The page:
Not long after that day, Gary began to spiral downward again and the incident was pushed aside by multiple hospital stays, the imperfect weekly calculation of his place on the liver transplant list, the day-to-day monitoring of weight, at-home visits from medical workers, frantic expeditions to specialty pharmacies and, most wrenchingly, the ups-and-downs of watching the person you love most in the world become increasingly and dangerously ill.
My marriage proposal remained buried in our garden until about an hour before Gary began to die. He was in the ICU, his liver failing (unbeknownst to me). He was drifting in and out of consciousness. During one lucid moment, he grabbed my hand, pulled me to him, eyes wide-open staring straight into mine, and said, “I do!” with such vehemence that it startled me.
I was speechless; but, since I was his chief cheerleader on the road to transplant, I said “Oh, no you don’t… we’ll do this right once you get your liver …” He laughed a little. If God or The Idea of God has to do with love, I like to think that He or She was present when that vow was made because, if true love has ever made itself manifest, it was in that moment. We finally had our formal ceremony and I clasped his hands tightly. An hour later, the massive hemorrhage that ended his life began and he lost all consciousness. Months later, I told a friend that I wished I’d said “I do, too!” and he said, “You did, on that day in your garden.”
I now understand that we were, indeed, married in so many ways that I have come to say, “I am a widower” with confidence, if with little joy. It’s not a nice thing to have to say. It puts people off, or — even worse — makes them want to take care of you when you least need it. That statement’s message is “I lost my spouse, but I am still alive. I’m standing on my own two feet and intend to go on living for as long as I can.” It means you freely have given a significant part of your life to someone who is now gone and that you are alone. It means, “I remain while he has moved on.” It also now, thankfully, has less relationship to gender preference. As Wendy Wasserstein wrote: “Love is love. Gender is just spare parts.”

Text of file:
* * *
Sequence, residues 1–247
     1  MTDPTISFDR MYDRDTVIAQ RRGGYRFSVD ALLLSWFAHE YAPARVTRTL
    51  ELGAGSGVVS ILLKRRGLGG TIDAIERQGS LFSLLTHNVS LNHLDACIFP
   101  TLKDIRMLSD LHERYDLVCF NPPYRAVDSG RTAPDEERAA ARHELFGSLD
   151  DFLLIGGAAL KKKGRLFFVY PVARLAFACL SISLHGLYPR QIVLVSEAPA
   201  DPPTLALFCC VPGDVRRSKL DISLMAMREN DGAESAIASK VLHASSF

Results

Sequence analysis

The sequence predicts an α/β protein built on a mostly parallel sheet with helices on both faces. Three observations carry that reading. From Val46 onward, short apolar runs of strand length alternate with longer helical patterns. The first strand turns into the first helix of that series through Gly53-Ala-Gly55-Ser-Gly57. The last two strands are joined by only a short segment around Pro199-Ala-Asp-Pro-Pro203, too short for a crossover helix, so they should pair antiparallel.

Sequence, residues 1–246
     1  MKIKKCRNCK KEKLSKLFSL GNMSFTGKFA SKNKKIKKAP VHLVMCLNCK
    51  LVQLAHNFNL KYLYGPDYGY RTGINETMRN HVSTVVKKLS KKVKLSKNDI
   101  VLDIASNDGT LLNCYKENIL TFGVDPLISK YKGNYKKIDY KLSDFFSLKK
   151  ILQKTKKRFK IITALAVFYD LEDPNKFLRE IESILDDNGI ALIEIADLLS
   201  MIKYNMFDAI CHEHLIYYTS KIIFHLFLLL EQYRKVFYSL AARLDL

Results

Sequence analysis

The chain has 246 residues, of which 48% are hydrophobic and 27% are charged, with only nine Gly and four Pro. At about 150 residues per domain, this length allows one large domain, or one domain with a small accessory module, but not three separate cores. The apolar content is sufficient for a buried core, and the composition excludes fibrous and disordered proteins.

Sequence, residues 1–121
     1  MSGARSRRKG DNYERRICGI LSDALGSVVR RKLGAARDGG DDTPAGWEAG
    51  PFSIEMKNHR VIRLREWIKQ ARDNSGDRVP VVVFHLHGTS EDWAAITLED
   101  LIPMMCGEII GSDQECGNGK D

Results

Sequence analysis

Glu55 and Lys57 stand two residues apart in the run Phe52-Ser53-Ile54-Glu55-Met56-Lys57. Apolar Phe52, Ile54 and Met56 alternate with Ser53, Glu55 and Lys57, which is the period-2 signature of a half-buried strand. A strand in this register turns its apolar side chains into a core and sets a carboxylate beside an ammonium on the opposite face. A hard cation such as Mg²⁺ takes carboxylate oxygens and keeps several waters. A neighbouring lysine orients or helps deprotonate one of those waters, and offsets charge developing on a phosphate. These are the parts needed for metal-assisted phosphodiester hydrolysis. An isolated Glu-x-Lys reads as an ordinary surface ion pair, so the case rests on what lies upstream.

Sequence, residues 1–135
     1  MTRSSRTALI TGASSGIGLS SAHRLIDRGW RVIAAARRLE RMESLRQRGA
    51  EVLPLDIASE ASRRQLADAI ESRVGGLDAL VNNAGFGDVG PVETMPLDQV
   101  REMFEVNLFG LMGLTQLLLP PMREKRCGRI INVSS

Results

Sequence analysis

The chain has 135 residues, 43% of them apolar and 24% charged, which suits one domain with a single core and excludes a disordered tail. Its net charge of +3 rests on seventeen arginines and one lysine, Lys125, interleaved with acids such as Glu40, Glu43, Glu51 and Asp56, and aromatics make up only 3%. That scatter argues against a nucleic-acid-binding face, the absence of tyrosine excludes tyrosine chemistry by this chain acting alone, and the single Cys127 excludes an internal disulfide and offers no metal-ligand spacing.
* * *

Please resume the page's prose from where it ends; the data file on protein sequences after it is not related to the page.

How, then, do you say, “I am a widower”? It has nothing to do with age. Young or old, you say it plainly, like saying “armor,” knowing that nothing else can ever hurt you as much as your spouse’s death. You say it in the full knowledge that the union you had with your deceased spouse was as deep and as rich and as true as any other. You say it with remembrance and, most of all, you say it with love and pride for the spouse who has passed on — that singular, unforgettable human being who taught you, truly, how to love and to be loved.
“I am a widower.”
Michael Flamini is an executive editor at St. Martin’s Press in New York City.